James v. JaneAnnotate this Case
282 S.E.2d 864 (1980)
Paul S. JAMES v. John A. JANE, M. D. and Hans O. Riddervold, M. D. David L. LAWRENCE v. Michael W. HAKALA, Jr., M. D.
Record Nos. 780413, 780450.
Supreme Court of Virginia.
June 6, 1980.
Thomas E. Albro, Charlottesville (Tremblay & Smith, Charlottesville, on briefs), for appellants.
Jack B. Russell, Richmond (Kimberly T. Henry, Browder, Russell, Little, Morris & Butcher, Richmond, on brief), for appellees.
The Association of Trial Lawyers of America (James A. Eichner, Richmond, on brief), amicus curiae, for appellants.
Before I'ANSON, C. J., and CARRICO, HARRISON, COCHRAN, POFF and COMPTON, JJ.
Paul S. James sought to recover from Dr. John A. Jane and Dr. Hans O. Riddervold damages for personal injuries resulting from the alleged negligent acts of the defendants in connection with a myelogram performed on plaintiff while he was under their care during 1974.
David L. Lawrence sought to recover from Dr. Michael W. Hakala, Jr., damages for personal injuries resulting from the alleged negligent acts of the defendant in connection with an operation performed on him while he was under the care of Dr. Hakala during 1975.
All defendants filed pleas of immunity in response to the respective motions for judgment filed by James and Lawrence. The court below sustained the plea in each case. The plaintiffs have been awarded appeals, and the cases have been consolidated, the issues involved being identical.
The defendants are licensed to practice medicine, and each is a full-time member of the faculty of the Medical School of the University of Virginia. Dr. Jane was Chairman of the Department of Neurosurgery at the Medical School and Chief of Neurosurgery at the University of Virginia Hospital during the time of the alleged negligence. Dr. Riddervold was an Associate Professor of Radiology at the Medical School and a member of the hospital staff in the Radiology Department. Dr. Hakala *865 was an Assistant Professor of Orthopedic Surgery and Rehabilitation, an Assistant Professor of Pediatrics in the Medical School, and an attending staff physician at the hospital.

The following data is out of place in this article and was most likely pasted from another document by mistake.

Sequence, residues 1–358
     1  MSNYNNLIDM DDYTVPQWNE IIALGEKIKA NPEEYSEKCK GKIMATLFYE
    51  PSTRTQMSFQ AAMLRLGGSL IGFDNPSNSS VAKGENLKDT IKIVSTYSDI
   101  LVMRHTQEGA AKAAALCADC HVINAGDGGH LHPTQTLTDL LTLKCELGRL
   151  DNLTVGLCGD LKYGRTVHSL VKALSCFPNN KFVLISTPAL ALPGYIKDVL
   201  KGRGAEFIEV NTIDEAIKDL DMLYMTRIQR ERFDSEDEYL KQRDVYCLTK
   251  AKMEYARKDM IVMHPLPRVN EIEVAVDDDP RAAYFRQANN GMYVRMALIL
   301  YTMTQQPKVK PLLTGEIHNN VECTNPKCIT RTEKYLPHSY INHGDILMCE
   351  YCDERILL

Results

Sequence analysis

The Medical School is one part of the University's Medical Center, which is composed of the Hospital, the Medical School and the Nursing School. The Center is under the supervision of the Vice President for Health Sciences, who in turn is under the authority of the President of the University. The President of the University has ultimate responsibility to the Rector and Board of Visitors, an agency of the Commonwealth of Virginia. Admittedly, the Medical Center, and in turn the Hospital, are agencies of the Commonwealth of Virginia.
The basic responsibilities of faculty members of the Medical School are teaching, research, and patient care. Dr. Jane as a department chairman, has the additional administrative responsibility of that office. All faculty members are members of the hospital staff, whose teaching responsibility includes supervision of residents, medical students, and nursing students. The defendants, as full-time faculty members, were not permitted to engage in the practice of medicine individually or outside the Medical Center unless it was done during their one month vacation period. The defendants' only compensation as faculty members was a fixed annual salary which covered their teaching responsibility and services rendered in patient care as Medical Center physicians. The compensation received by any particular physician was determined by the Dean of the Medical School upon recommendation of the chairman of the department to which the attending physician and faculty member was assigned. The ceiling for salaries of faculty members in the Medical Center is fixed by the Governor of Virginia and is determined by the academic rank of the individual.